Although skill level, style of play and amount of experience all play a part in deciding any tennis match, getting the upper hand can be as simple as having more shots in your repertoire. If you're looking to step up your game, adding some new weapons to your arsenal can help you overcome better players. If you play at an intermediate level, you may already have some of these in your locker -  they just need to be honed. More of a beginner? Add these to your arsenal of shots and take the step up.

We've chosen to illustrate the following shots with some highlights from the big man himself, Roger Federer. Enjoy.

The Flat Serve

While for many, the serve is simply a method of starting a point, adding variation to this shot is a sure-fire way of ensuring you remain on the front foot. Although spin serves are undoubtedly one of the most effective shots in tennis, with a ball that lands deep in the service box unlikely to be returned in an aggressive manner, there is nothing better than a fast, flat serve, that “jams” the opponent. No matter what level of the game you are operating at, a flat serve directed at the receiver is likely to cause discomfort to any player, resulting in a weak return.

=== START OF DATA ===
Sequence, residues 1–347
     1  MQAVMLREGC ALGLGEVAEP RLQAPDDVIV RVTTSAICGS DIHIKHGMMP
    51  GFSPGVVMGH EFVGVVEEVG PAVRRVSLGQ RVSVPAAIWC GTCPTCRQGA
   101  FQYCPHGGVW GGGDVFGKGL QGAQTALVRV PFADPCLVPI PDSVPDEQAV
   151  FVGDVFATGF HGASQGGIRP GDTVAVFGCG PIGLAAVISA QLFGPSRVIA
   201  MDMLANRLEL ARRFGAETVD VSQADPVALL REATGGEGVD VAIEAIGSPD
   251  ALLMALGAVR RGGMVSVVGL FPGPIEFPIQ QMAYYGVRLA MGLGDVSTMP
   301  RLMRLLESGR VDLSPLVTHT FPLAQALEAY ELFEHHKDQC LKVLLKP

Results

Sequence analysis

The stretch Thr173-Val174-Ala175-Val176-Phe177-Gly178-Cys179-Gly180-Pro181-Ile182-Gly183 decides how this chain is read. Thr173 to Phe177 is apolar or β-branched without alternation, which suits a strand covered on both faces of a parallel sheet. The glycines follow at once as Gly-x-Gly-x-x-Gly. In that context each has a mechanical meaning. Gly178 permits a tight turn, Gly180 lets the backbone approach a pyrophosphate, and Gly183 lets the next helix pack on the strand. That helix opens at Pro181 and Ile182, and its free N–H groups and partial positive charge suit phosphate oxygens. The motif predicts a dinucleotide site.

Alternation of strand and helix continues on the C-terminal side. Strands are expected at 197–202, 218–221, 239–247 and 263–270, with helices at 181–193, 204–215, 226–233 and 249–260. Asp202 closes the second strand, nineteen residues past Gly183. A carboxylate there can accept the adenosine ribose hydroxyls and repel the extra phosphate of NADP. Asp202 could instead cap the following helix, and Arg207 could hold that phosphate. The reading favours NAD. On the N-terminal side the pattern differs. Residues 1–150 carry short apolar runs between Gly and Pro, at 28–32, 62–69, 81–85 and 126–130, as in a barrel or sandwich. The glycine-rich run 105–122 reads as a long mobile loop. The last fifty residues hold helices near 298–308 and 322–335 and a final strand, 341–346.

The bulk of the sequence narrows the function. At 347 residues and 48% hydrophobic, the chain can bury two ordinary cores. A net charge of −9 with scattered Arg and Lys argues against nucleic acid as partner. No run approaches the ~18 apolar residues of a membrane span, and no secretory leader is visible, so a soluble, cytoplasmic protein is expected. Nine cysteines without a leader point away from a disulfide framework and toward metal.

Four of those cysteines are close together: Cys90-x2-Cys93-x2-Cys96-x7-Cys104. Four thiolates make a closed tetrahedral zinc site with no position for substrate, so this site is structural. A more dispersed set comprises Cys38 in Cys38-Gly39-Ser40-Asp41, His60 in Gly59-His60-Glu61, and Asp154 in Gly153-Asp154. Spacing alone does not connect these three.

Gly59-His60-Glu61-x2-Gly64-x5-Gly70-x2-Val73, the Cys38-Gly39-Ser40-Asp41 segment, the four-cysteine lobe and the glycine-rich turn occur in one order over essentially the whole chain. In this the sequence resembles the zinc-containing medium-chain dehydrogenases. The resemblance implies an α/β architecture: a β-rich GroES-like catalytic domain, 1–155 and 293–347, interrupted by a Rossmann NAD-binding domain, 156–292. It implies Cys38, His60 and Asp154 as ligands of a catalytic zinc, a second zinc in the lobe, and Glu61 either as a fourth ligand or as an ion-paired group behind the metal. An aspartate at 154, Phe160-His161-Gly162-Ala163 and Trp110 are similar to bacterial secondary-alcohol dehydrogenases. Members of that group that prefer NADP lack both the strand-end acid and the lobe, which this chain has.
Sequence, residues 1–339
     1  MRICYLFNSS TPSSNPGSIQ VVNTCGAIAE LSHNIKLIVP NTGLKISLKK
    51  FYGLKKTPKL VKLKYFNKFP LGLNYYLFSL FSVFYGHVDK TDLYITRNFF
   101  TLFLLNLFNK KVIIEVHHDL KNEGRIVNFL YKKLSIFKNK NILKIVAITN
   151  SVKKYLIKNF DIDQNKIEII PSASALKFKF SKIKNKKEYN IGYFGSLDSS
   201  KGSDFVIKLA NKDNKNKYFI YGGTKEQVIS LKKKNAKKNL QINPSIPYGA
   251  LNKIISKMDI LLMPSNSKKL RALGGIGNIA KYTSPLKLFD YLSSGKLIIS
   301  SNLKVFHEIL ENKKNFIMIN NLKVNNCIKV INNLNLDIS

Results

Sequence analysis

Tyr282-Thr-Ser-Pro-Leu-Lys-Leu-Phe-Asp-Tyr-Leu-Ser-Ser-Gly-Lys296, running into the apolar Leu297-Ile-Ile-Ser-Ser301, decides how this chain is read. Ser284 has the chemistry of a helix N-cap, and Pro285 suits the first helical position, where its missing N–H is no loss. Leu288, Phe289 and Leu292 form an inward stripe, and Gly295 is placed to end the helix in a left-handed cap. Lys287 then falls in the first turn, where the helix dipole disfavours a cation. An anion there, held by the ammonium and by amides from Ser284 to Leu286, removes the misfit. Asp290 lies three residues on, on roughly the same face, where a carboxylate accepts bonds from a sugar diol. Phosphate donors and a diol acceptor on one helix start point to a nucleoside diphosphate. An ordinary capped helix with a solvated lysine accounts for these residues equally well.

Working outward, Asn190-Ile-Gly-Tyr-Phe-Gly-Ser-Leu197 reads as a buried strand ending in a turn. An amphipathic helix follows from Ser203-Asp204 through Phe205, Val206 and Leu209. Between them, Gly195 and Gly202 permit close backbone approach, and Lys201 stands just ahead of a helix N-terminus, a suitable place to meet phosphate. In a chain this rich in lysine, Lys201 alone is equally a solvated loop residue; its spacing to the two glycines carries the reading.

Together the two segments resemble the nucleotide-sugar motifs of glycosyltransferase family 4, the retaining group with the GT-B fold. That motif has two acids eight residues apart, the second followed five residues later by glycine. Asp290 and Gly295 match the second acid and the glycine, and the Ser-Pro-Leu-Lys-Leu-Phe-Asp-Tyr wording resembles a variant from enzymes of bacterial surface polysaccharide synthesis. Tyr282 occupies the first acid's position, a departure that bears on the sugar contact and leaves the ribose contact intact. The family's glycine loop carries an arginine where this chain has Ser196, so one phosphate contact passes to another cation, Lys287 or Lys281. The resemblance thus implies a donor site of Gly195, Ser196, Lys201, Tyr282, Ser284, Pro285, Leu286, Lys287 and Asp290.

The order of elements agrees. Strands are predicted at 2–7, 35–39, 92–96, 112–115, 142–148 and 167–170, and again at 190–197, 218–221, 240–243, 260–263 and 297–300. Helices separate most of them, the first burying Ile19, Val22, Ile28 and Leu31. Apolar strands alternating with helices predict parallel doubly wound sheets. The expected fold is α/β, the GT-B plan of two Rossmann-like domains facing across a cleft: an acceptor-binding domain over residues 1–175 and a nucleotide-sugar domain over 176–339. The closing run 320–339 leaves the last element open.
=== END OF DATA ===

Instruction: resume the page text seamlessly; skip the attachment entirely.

Target your opponent’s hip as a point to aim at, generally on their weaker side. This will put you in the ascendency and allow you to take a step forward into the court, anticipating a short ball to attack. Of course, this type of serve can't be used on every point, as opponents will be able to run around the ball to compensate. However, making use of such a weapon every fourth or fifth point is certain to provide you with some cheap points throughout a set.

The Clean Winner

Finishing off a point is often the most difficult part of tennis for many players. Setting up an opportunity for a winner with accurate and penetrating ground strokes is all well and good. But if you can’t put away the final ball you are unlikely to challenge at a higher level. Professional players make it look easy, but this is the result of hours and hours of practice.

This is the problem for many players, in that the majority will never practice such a shot. The key is to get yourself set for a shot as early as possible, often hitting the ball with less pace, concentrating more on accuracy. Even if you do not hit a clean winner, you enhance the likelihood of forcing your opponent into an error.

The Drop Shot

Although not as effective on hard courts, the drop shot can help you to win plenty of points on clay or grass. For some, the drop shot comes as a result of running out of ideas against a tricky opponent. However, by following some simple rules concerning such a shot, you can improve your success rate. The first of which is to only utilise the drop shot when you are inside or around the service line, with shots hit from deeper generally allowing opponents time to react and hit a winner.

As well as this, it’s vital to apply a certain amount of backspin on any drop shot, with sidespin an added bonus. If spin is applied to the shot, even if your opponent does manage to chase down the ball, their next shot is made that much more difficult. Tactically, make sure to throw in a few drop shots early on in a match, rather than in desperation when trailing to an opponent.